Wild Side: Non-native earthworms

These soil critters are not always beneficial in a garden.

An Asian jumping worm is efficient at breaking down compost, but it may quickly become invasive. — Matt Pelikan

A down-Island gardener just brought me a surprise: a pail of compost containing worms the gardener had correctly identified as Asian jumping worms, one of several species in the genus Amynthas that have become broadly established in the Eastern United States. Significantly, this conscientious gardener had no idea how the worms turned up in her compost; they arrived, somehow, on their own.

Smaller than your familiar nightcrawler, firmer bodied, and prone to spasmodic thrashing when poked, Asian jumping worms turn out to be the latest depressing demonstration of the ecological Law of Unintended Consequences.

What’s the concern? It’s important to note that our region did not originally have any earthworms at all. New England was covered with ice and largely scraped down to bedrock by the continental glaciers of the last Ice Age. What is now Martha’s Vineyard began as a vast pile of crushed rock pumped here by flowing ice, mixed with rock and gravel snowplowed here by the leading edge of the ice sheet. The Vineyard started as a sterile heap of sand and rocky debris. That is not worm habitat.

As the climate warmed and successive waves of vegetation spread onto the Vineyard, the Island-to-be was colonized by a range of critters that live in leaf litter — think millipedes, centipedes, and mites — helping break down organic matter into more basic forms that could be re-used by plants. Originally, our ecosystems evolved in response to the particular patterns of breakdown that these native “reducers” created.

But with the introduction, both intentionally and haphazardly, of species like the European nightcrawler (New England has about 20 introduced earthworm species), things changed. Gradually infiltrating natural habitats beyond their original agricultural settings, such worms proved to be highly efficient at breaking down organics. That’s a good thing in some circumstances, such as a garden where rapidly recycling nutrients is desirable. But it dramatically altered the condition of natural areas, producing a depleted top organic layer on top of the soil and altering the understory composition in woodlands in ways that biologists can’t even completely reconstruct. A boon for horticulture, introduced worms were a slow-moving catastrophe for our woodlands.

Asian jumping worms are, then, another chapter in an old book. The concern is that they are even more efficient at breaking down organics than nightcrawlers are. This is great for composting and garden soil health! But if these worms become abundant in a natural area, their impacts on soil composition are extreme and fast, giving wildlife little time to adapt to the changes and driving the system toward lower diversity.

There’s no question in my mind that small-scale agriculture is a good thing, and that composting and other measures to manage nutrients and promote soil health are essential. And given the crop species and growing methods our food production system has settled on, it appears that non-native worms (like the honeybee, another sometimes invasive species essential to agriculture) are here to stay.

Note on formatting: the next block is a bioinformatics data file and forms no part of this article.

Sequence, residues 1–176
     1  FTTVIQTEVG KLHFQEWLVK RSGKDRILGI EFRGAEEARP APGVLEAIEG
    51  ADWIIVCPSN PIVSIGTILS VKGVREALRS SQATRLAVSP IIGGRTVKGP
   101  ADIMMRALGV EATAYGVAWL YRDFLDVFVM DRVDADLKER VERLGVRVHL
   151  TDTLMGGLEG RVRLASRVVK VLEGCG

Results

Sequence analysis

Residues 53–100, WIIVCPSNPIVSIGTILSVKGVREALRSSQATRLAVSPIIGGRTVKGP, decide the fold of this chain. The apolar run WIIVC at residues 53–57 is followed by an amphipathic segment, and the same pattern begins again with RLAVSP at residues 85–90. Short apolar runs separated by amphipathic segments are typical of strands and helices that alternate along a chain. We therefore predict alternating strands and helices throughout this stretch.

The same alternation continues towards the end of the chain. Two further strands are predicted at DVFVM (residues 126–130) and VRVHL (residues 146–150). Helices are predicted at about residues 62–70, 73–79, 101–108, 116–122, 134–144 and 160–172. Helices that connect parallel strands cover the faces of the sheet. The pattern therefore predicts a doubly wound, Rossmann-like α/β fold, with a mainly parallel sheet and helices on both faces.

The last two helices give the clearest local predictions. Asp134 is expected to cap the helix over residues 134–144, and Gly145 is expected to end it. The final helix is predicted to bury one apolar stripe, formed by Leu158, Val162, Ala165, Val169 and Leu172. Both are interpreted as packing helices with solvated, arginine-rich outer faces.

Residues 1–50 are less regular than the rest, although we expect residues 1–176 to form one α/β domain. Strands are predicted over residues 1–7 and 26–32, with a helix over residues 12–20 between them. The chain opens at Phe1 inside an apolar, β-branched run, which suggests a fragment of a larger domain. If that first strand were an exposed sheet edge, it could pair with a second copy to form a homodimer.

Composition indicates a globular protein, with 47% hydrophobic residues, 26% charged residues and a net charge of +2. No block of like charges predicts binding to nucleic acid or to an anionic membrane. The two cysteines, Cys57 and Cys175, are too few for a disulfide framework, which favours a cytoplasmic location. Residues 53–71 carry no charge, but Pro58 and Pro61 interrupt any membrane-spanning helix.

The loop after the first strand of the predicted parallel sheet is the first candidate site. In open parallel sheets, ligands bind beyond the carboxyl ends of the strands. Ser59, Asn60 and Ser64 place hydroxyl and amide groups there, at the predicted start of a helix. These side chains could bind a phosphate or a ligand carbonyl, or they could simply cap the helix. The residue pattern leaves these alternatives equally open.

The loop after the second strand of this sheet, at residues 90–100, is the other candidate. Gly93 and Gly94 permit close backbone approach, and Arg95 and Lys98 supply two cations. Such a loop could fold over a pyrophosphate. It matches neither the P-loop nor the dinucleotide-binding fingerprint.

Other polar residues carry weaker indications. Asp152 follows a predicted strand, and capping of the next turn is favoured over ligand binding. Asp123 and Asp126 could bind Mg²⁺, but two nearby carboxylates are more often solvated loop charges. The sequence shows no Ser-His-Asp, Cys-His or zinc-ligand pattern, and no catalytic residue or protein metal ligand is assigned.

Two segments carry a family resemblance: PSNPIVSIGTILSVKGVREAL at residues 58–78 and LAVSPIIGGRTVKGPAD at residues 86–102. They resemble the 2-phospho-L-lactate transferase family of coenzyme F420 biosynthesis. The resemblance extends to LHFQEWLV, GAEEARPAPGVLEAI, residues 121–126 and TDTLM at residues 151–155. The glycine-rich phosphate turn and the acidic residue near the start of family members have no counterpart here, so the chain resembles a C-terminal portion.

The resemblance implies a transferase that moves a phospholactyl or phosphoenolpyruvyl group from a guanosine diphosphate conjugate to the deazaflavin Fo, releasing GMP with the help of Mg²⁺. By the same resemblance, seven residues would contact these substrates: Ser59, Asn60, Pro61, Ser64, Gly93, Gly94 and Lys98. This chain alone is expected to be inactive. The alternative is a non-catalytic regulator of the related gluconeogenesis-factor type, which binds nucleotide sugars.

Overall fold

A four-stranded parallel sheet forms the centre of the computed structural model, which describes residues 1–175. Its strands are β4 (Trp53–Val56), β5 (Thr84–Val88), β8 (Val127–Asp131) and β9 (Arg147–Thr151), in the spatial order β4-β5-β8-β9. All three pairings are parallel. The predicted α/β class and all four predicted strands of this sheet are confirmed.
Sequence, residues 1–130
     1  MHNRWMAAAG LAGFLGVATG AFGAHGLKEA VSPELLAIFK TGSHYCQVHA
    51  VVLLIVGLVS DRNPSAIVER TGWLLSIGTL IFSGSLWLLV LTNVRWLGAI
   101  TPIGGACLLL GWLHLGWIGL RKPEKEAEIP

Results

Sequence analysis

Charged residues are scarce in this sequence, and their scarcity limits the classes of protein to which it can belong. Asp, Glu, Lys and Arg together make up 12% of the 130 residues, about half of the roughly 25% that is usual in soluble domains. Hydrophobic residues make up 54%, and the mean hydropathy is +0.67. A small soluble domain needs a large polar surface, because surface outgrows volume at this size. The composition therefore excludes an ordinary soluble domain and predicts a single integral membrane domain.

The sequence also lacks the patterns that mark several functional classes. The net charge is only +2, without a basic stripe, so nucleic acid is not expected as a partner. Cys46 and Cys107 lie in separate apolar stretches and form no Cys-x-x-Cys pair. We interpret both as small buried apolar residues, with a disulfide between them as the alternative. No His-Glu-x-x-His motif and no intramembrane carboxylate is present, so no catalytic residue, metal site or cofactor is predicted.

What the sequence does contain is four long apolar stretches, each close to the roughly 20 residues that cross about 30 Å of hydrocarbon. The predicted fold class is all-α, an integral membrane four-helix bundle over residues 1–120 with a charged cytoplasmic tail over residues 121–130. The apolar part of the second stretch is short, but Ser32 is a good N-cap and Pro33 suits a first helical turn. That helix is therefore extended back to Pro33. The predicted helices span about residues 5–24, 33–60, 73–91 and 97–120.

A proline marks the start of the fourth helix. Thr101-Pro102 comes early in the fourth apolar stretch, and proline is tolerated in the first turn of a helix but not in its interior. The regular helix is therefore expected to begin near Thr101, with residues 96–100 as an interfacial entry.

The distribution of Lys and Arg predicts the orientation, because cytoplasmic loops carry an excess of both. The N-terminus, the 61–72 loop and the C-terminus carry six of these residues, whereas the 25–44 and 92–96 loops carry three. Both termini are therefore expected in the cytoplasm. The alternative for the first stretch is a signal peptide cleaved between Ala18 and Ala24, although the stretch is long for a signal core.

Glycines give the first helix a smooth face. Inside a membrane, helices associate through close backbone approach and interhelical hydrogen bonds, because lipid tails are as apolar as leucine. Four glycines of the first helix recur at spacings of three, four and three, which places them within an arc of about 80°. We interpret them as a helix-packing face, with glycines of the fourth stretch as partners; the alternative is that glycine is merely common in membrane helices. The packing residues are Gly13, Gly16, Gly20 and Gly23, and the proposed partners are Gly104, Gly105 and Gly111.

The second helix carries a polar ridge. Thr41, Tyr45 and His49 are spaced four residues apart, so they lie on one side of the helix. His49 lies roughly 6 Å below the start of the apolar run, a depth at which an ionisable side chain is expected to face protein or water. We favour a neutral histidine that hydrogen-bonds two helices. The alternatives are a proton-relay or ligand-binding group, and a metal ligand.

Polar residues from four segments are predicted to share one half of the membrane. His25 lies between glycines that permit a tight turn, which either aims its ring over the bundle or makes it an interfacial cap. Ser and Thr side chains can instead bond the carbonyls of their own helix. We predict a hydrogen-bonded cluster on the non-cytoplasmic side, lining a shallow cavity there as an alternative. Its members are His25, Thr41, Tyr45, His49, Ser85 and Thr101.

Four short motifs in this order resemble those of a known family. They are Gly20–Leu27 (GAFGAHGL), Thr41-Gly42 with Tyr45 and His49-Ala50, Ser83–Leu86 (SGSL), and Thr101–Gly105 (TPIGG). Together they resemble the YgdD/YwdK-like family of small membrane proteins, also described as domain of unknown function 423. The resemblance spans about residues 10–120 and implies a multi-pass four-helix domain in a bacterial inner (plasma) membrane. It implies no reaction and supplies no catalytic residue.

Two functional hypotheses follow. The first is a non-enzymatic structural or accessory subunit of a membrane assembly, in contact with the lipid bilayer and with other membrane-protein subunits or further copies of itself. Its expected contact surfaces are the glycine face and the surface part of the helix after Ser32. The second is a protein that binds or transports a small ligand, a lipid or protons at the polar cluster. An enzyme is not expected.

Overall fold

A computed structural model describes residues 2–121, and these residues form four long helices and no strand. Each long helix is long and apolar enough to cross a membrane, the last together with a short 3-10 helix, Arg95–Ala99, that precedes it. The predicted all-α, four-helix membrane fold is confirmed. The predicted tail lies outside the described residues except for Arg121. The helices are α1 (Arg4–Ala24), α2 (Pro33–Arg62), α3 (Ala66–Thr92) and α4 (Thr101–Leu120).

Several invasive species experts I spoke with about “crazy worms” expressed pessimism that this new invader can be eliminated, or even meaningfully controlled. These worms are already widespread in the East, with adults and the much more resilient eggs traveling readily in potted plants and other horticultural products. These worms, along with other insufficiently studied worm species, are mostly unregulated and hence are readily available over the internet. The horse, this is to say, is out of the barn.

If you compost, be careful about adding new organisms to accelerate your composting process. A little poking around on the web shows that multiple species of non-native worms are readily available by mail order, and — more disturbingly — that the actual identity of what is being sold often can’t be determined, perhaps even by the people doing the selling. Various ecological constraints, particularly the cold temperatures the Vineyard experiences during winter, provide some protection against the establishment and spread of exotic worms. But like all organisms, non-native worms are resourceful in finding ways to flourish.

Particularly if you’ve deliberately introduced non-native worms into your compost, and especially if a demonstrably harmful worm like Amynthas has arrived there by any means, I’d urge you to keep your compost on-site, apply it only to cultivated areas, and not sell or give it away to others. Achieving high temperatures while composting may kill Amynthas cocoons. Asian jumping worm adults can be collected and killed by dropping them into soapy water or putting them in the freezer. Doing so consistently might allow you to eradicate your population, if you have one.

Want to learn more? Good for you! Here’s a University of Massachusetts website with information on the larger issue of earthworms generally: bit.ly/massworms. And here’s one specifically on Asian jumping worms: bit.ly/asianworms. Read up, pay attention, and do what you can to avoid making a bad situation worse.